Just the thought of setting a budget can be enough to send us running for the hills. The other day, I had lunch with a friend who is a fellow career mom. We often swap stories about our busy lives and commiserate about how hard it can sometimes be to balance work and motherhood. Her career has taken off over the last year, but she looked more relaxed than ever. She shared that she and her partner had decided to outsource many of the household responsibilities they had historically struggled to keep on top of and often bickered over. After telling me what an amazing gamechanger this had been for her mental health and her family, her expression quickly changed to one of guilt as she admitted that the services were costing them quite a bit. Despite her increase in income, she felt embarrassed and irresponsible about how they much they were spending on services some would consider unnecessary. To her it sometimes felt as if they had traded their weekly arguments over household tasks with monthly disagreements over money.
I could relate to her experience on both a personal level and a professional one. After assuring her this was a common struggle, I shared tips with her that have helped many of my clients over the years. The traditional guidance for people grappling with feelings of guilt, self-reproach, or insecurity over their finances is to create a strict budget and stick to it. Some people enjoy a disciplined approach to things, but for many of us, avoiding the need for strict budgets can be a primary driver for saving and working hard. Tracking every small expense, feeling guilty about how much you spent last month, questioning partners on their expenditures, and generally feeling restricted—what’s to like? It’s right up there with counting calories, so I understand why people avoid it altogether.
If you’re like many high-income earners and people who have saved well, you might feel that avoiding the need to budget is a right you have earned. After all, you’ve worked hard so you don’t have to count every penny, right? The trouble is that it puts you at risk for not meeting larger goals such as a comfortable retirement, paying down debt, college funding, or making a large purchase; and it can also leave you feeling out of control and dissatisfied. Whether you are a busy professional struggling to figure out why you don’t have more money at the end of every month or you are already retired and unsure how to balance your personal spending with other goals, there is a strategy that can help you feel more in control of your money without having to budget.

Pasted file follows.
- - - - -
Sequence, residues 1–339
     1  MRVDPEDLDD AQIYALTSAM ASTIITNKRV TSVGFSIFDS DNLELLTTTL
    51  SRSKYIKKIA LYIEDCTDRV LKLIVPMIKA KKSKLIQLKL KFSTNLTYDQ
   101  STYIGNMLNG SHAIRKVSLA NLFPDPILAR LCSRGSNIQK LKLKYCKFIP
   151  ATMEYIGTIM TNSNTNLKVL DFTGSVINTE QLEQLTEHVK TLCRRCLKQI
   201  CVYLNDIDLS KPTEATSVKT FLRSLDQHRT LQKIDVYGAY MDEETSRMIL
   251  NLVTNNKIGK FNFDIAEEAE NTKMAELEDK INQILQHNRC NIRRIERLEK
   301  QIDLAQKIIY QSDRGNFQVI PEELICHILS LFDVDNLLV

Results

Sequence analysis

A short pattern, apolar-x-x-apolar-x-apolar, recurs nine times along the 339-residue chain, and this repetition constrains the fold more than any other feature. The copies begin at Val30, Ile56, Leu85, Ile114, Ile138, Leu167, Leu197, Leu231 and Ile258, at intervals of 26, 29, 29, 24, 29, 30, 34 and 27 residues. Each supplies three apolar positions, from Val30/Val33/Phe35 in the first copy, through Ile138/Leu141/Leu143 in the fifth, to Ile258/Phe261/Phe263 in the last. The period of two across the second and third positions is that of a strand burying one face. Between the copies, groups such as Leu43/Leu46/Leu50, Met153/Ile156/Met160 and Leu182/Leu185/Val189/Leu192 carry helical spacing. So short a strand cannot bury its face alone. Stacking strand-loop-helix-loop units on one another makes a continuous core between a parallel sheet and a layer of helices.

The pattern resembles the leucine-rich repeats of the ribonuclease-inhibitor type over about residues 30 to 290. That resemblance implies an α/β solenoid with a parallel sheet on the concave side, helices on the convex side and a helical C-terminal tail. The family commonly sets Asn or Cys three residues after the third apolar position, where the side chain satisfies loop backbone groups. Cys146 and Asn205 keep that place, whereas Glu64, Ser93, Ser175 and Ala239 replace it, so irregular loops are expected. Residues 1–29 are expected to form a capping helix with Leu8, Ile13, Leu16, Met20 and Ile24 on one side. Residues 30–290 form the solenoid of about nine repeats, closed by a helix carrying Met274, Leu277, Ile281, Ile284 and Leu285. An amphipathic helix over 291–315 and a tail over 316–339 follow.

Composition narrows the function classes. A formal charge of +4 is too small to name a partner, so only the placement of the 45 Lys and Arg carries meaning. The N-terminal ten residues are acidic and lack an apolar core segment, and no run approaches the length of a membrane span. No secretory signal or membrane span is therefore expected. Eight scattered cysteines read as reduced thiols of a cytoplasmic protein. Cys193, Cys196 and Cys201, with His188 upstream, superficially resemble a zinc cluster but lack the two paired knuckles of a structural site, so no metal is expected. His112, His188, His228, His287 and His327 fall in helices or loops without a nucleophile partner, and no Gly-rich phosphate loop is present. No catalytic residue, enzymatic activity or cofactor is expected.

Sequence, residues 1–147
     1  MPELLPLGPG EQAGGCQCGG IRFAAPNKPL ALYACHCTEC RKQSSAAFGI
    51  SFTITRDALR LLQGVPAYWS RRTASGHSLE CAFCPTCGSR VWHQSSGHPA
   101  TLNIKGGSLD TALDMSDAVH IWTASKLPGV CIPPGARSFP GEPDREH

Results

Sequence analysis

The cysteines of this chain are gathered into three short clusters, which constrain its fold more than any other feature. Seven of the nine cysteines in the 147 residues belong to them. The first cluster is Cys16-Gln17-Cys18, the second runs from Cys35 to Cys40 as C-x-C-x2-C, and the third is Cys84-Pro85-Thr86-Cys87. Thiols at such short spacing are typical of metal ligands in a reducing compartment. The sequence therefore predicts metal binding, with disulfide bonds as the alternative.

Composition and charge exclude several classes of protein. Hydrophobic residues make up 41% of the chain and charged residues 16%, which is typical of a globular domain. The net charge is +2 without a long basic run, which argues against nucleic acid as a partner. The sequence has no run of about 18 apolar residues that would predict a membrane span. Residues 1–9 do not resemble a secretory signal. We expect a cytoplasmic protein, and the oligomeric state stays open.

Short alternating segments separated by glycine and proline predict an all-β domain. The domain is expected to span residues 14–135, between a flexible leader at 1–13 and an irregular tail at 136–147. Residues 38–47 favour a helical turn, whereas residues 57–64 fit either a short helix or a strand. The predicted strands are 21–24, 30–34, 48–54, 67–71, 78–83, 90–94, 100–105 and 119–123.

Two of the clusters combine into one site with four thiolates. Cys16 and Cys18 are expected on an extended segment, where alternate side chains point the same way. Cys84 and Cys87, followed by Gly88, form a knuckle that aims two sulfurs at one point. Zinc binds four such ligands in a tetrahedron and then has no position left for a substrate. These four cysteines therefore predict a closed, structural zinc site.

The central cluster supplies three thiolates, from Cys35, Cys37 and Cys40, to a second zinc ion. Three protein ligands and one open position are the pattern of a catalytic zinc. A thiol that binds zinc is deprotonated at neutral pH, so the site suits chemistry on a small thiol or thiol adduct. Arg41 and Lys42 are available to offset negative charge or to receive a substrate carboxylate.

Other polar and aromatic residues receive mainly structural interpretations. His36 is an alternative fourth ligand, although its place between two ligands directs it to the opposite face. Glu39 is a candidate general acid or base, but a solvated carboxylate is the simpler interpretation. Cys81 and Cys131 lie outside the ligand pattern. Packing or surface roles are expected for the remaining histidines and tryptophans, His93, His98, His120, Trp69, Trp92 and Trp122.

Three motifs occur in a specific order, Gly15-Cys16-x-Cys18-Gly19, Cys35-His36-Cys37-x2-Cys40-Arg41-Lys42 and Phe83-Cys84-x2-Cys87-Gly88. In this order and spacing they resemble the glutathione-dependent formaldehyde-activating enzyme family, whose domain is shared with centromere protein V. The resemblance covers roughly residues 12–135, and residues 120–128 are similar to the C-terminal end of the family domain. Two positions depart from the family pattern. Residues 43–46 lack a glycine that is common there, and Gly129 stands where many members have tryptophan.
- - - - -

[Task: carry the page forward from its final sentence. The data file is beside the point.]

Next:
Pre-Retirement Reverse Budgeting Process:
By taking these steps, you ensure your savings goals are met first, and anything that remains can be spent on whatever you desire, without guilt!
- Identify your goals.
- Determine how much you need to save on a periodic basis to meet these goals—the easiest way to do this is to work with your financial advisor to create a financial plan.
- Set up an automatic savings plan with a combination of payroll deductions and automatic monthly transfers.
- Enjoy the freedom to spend what is left as you choose and the peace of mind that comes with knowing you are able to meet your goals!